Dodee Swisher.
    At five-foot-two, wearing flat shoes, she was a goodten-inches shorter than him, wheaten hair in short, loose curls, blue eyes crinkled around the edges by a shy smile.
    She wore a pair of blue slacks, a white oxford shirt and agold vest, and a red parka, open, with black leather patches on the shoulders, unbalanced from hefting a carry-on bag in one hand, a pocketbook and flat sketchbook case in the other.
    "How, how," -- he had to suck spit into his suddenly dry mouth to get the words out -- "how did you get here?"
    "I found another plane that came in sooner."
    "Great. I mean, that's really great, I mean, it's great to see you." He threw out his hands. "Welcome to Maryland."
    "Thank you." She gave him the shy smile again.
    And he realized he had to do something: hug her, kiss her--on the cheek, the lips? What? Something?
    But now.
    He bent and put his arms around her, and she turned her faceup to him, blue eyes inches away, a moment of hesitation as the sweet smell of her herbal perfume drew him in, and then he kissed her, on the mouth, innocent, warm, and felt her soft lips welcome him back.
    And the glacier of apprehension chilling his mind started to melt away like an ice cream cone on a hot summer day.

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Reviews of Killing Thyme:

      James P "Jim" Dandy, a retired physical therapist, signs up for a gourmet-cooking Elderhostel in Baltimore to be with his lover, artist Dodee Swisher. When chefs and students at the Elderhostel start dying off, Dodee launches an investigation, and Jim feels obligated to help out, if only to protect her. This second Jim Dandy mystery offers a difficult, surprising plot and moves at a snappy pace. Abresch capably captures the atmosphere of the gourmet-cooking life, and his portrayal of Elderhostels is nicely detailed. Despite the fact that numerous characters suffer food poisoning throughout the tale, readers will find the food descriptions mouth-wateringly irresistible. Recommend this appealing mystery to fans of foodie crime series by Katherine Hall Page, Phyllis Richman, and Diane Mott Davidson.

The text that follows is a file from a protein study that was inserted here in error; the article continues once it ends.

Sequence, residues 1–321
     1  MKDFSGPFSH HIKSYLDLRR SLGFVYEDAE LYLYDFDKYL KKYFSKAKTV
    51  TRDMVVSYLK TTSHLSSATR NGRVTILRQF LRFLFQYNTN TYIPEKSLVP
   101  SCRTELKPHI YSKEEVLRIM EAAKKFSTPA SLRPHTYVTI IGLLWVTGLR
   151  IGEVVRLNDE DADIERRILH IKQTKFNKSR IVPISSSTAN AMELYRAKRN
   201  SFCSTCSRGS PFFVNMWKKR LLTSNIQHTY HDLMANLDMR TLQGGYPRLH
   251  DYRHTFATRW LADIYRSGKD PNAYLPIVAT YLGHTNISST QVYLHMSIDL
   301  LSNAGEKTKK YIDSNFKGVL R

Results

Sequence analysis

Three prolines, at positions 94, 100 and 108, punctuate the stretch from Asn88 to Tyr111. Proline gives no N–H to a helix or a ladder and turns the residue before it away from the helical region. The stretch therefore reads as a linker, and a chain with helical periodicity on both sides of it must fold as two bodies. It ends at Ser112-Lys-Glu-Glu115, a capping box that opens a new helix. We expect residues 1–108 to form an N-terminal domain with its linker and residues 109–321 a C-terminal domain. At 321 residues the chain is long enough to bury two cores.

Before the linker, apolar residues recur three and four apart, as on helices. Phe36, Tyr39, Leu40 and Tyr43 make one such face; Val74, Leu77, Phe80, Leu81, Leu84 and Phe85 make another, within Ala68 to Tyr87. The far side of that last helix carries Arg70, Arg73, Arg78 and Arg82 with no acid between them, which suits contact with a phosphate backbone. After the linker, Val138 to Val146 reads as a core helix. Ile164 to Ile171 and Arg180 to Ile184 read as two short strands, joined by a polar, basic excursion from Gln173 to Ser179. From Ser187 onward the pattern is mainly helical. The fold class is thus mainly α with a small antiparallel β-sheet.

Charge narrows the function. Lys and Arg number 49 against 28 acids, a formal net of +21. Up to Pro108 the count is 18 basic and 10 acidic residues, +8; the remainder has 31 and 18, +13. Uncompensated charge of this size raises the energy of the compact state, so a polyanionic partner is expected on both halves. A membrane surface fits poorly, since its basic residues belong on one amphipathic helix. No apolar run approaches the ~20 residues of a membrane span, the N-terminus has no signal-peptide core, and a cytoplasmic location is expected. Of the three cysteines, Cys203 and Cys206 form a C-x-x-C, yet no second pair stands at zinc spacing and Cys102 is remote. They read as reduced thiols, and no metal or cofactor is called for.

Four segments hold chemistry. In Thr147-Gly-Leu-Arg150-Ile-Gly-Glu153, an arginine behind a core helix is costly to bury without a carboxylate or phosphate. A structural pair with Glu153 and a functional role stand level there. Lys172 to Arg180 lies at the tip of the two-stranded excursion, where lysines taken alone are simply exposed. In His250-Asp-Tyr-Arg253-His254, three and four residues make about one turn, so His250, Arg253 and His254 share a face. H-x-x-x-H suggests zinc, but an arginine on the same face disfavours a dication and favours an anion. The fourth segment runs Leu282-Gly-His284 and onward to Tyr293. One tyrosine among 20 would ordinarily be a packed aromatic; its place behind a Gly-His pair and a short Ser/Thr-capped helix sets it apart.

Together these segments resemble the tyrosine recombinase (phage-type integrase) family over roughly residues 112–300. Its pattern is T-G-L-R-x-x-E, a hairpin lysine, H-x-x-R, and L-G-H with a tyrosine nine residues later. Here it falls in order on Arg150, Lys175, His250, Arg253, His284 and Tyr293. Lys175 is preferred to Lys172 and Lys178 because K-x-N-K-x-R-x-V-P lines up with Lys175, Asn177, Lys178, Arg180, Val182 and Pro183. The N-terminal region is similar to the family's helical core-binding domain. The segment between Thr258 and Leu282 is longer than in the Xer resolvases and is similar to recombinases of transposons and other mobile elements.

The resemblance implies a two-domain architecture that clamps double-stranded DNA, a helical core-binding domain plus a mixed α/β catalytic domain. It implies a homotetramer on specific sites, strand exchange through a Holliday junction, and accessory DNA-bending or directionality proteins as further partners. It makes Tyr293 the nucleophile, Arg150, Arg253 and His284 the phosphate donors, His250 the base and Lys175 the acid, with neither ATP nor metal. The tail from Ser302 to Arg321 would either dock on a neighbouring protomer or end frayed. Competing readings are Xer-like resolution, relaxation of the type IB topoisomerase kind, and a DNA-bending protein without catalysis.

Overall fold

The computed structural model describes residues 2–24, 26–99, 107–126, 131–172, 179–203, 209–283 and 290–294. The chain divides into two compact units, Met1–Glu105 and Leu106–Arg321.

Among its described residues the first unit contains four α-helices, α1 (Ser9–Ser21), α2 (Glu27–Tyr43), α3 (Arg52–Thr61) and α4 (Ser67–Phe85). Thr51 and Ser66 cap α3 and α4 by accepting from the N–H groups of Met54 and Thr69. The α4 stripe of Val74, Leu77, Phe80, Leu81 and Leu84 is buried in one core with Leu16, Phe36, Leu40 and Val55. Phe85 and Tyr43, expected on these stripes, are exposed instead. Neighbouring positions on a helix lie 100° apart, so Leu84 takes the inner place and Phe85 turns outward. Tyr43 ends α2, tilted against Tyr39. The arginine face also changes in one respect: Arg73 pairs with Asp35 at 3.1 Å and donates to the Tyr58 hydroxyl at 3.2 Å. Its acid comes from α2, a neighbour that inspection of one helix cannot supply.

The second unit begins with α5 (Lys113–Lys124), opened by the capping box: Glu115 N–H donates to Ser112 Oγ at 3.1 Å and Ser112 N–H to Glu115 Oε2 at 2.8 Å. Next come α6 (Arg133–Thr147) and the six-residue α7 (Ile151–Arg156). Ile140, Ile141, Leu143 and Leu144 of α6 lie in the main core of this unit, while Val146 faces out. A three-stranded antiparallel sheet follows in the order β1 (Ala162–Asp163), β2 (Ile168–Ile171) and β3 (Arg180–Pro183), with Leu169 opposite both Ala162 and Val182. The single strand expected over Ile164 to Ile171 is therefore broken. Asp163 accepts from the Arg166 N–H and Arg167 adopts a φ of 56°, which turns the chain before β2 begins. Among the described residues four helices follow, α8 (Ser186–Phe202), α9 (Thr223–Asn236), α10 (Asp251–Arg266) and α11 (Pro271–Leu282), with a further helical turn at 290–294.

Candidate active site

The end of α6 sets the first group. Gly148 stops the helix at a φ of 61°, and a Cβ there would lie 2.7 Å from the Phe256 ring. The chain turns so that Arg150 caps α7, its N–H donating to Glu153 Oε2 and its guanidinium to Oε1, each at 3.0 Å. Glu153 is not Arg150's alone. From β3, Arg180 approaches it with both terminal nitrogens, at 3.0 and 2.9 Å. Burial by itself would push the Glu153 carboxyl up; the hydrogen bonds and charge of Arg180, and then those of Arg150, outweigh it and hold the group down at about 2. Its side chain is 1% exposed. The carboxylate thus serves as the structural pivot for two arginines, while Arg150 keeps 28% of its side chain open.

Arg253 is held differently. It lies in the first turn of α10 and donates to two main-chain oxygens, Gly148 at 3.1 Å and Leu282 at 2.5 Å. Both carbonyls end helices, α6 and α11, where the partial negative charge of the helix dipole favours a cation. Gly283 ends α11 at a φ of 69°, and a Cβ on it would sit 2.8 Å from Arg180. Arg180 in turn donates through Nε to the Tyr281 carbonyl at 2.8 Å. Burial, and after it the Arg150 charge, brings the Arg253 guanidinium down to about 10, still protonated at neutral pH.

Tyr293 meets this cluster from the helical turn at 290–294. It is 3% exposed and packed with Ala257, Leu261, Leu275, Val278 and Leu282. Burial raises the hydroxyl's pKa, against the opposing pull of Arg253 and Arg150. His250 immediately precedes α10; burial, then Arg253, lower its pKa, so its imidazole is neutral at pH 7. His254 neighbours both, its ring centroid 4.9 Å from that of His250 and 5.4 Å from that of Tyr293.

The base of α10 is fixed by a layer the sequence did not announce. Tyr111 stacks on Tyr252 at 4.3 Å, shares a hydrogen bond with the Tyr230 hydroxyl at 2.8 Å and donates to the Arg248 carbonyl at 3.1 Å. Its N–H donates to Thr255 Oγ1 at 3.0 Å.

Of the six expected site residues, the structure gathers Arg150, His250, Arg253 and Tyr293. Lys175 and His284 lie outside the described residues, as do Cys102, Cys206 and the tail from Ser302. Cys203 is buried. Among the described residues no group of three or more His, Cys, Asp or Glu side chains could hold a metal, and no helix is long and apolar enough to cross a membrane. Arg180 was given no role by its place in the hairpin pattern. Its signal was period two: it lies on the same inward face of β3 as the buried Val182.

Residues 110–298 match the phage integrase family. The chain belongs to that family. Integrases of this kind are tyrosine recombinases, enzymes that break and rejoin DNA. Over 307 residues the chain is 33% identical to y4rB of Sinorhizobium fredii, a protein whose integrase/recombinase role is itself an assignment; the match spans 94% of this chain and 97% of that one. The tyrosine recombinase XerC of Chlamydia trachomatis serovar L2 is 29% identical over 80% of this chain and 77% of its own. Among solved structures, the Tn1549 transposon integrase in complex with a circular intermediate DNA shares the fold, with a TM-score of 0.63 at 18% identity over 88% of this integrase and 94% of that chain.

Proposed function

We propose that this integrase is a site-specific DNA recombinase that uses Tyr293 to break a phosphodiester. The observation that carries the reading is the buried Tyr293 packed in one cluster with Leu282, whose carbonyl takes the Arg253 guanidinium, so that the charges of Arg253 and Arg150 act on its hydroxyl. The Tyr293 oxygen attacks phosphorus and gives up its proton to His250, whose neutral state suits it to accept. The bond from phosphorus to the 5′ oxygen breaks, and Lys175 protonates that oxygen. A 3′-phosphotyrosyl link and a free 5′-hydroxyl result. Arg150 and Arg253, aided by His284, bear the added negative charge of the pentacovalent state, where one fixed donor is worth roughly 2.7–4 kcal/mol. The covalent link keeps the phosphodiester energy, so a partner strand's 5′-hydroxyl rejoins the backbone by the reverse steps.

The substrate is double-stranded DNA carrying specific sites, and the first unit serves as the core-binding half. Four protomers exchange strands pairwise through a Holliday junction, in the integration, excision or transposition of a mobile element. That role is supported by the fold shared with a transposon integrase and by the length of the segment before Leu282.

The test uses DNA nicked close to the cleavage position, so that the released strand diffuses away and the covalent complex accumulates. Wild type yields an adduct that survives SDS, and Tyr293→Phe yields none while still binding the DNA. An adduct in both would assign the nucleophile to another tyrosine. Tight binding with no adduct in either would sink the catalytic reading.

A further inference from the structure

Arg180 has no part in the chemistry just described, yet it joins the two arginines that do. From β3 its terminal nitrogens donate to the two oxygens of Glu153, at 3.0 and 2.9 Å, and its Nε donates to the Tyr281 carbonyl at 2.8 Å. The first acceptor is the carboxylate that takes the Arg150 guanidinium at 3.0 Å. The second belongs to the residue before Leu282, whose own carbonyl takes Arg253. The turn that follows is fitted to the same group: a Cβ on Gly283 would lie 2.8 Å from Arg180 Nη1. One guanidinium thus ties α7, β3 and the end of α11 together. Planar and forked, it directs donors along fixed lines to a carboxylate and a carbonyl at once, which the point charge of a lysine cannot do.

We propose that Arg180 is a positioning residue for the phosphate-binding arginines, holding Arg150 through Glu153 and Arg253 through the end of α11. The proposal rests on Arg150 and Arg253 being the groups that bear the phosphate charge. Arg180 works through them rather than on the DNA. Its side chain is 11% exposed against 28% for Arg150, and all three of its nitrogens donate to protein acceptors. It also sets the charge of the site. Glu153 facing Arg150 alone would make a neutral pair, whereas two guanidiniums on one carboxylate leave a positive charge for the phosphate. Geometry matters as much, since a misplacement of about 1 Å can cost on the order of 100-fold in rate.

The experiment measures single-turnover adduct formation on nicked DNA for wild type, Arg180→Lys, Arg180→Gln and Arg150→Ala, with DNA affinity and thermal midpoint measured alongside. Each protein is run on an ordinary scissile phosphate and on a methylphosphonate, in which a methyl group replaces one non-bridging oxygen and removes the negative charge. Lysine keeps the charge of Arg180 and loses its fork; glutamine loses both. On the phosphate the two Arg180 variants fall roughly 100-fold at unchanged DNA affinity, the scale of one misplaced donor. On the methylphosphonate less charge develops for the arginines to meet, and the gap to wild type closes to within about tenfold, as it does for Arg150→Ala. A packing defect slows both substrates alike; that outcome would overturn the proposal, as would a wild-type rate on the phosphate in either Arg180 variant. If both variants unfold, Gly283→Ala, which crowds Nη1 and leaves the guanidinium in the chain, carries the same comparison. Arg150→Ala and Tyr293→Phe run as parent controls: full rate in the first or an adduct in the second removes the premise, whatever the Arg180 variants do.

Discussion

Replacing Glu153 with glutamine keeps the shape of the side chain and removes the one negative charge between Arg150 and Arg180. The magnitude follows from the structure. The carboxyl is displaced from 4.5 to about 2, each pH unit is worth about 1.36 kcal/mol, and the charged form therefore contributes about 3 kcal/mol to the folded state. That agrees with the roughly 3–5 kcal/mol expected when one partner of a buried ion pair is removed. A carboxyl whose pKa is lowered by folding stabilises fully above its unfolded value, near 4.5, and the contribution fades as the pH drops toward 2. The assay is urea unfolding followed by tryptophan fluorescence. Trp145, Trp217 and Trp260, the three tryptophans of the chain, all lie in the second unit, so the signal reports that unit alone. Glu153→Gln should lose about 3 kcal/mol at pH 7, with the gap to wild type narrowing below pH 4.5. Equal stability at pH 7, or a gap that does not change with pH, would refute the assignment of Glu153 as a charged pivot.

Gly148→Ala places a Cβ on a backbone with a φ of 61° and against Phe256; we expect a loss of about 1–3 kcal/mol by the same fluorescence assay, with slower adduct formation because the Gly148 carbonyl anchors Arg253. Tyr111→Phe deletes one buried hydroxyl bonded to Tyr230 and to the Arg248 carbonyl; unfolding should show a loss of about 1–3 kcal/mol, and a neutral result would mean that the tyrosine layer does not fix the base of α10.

-- John Rowen, BOOKLIST

      "Killing Thyme" by Peter Abresch
      Second in a series. Set in Elderhostel locations
      James P. Dandy, physical therapist and emergency medical technician, first attended a New Jersey Elderhostel on bonsai to distract him from the grief of his wife's death. Now he's at another Elderhostel, this one in Baltimore, with artist Dodee Swisher, whom he met in New Jersey. Besides enjoying each other's company both in and out of bed, Jim and Dodee stumble onto murders and work out the solutions ahead of the police. Abresch depicts his characters with a gentle but ruthless pen, bringing them to life on the page. He imparts detailed knowledge of cooking and tickles the reader's fancy with sly references to Rex Stout's corpulent food-loving detective, Nero Wolfe. With six corpses littering the landscape, who will be left to prepare the meals? Fun for all, whether you cook or not. --Linda Hutton, Mystery Time